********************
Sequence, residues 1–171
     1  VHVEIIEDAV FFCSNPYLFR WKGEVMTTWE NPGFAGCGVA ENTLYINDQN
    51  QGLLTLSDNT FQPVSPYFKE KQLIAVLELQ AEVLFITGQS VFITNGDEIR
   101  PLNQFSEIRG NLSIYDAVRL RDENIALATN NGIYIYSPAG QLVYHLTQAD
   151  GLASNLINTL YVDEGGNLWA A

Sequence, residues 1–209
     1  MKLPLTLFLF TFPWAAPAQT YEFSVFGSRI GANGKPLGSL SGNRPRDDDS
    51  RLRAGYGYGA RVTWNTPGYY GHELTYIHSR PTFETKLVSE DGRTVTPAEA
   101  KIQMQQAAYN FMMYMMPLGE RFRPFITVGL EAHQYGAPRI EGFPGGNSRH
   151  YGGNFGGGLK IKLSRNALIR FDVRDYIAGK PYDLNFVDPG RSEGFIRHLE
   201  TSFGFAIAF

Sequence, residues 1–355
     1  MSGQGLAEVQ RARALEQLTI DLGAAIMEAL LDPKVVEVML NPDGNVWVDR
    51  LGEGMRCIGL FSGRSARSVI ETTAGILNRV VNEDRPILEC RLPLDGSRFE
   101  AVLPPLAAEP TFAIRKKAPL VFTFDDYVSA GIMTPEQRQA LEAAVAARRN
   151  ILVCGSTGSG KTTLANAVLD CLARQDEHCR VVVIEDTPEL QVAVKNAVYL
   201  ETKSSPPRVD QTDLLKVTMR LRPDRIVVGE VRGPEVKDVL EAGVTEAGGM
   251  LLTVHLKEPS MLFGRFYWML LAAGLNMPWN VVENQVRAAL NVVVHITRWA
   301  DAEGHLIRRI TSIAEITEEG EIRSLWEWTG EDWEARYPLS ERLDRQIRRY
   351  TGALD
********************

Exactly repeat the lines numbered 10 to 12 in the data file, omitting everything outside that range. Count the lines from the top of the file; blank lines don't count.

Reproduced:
   151  YGGNFGGGLK IKLSRNALIR FDVRDYIAGK PYDLNFVDPG RSEGFIRHLE
   201  TSFGFAIAF

Sequence, residues 1–355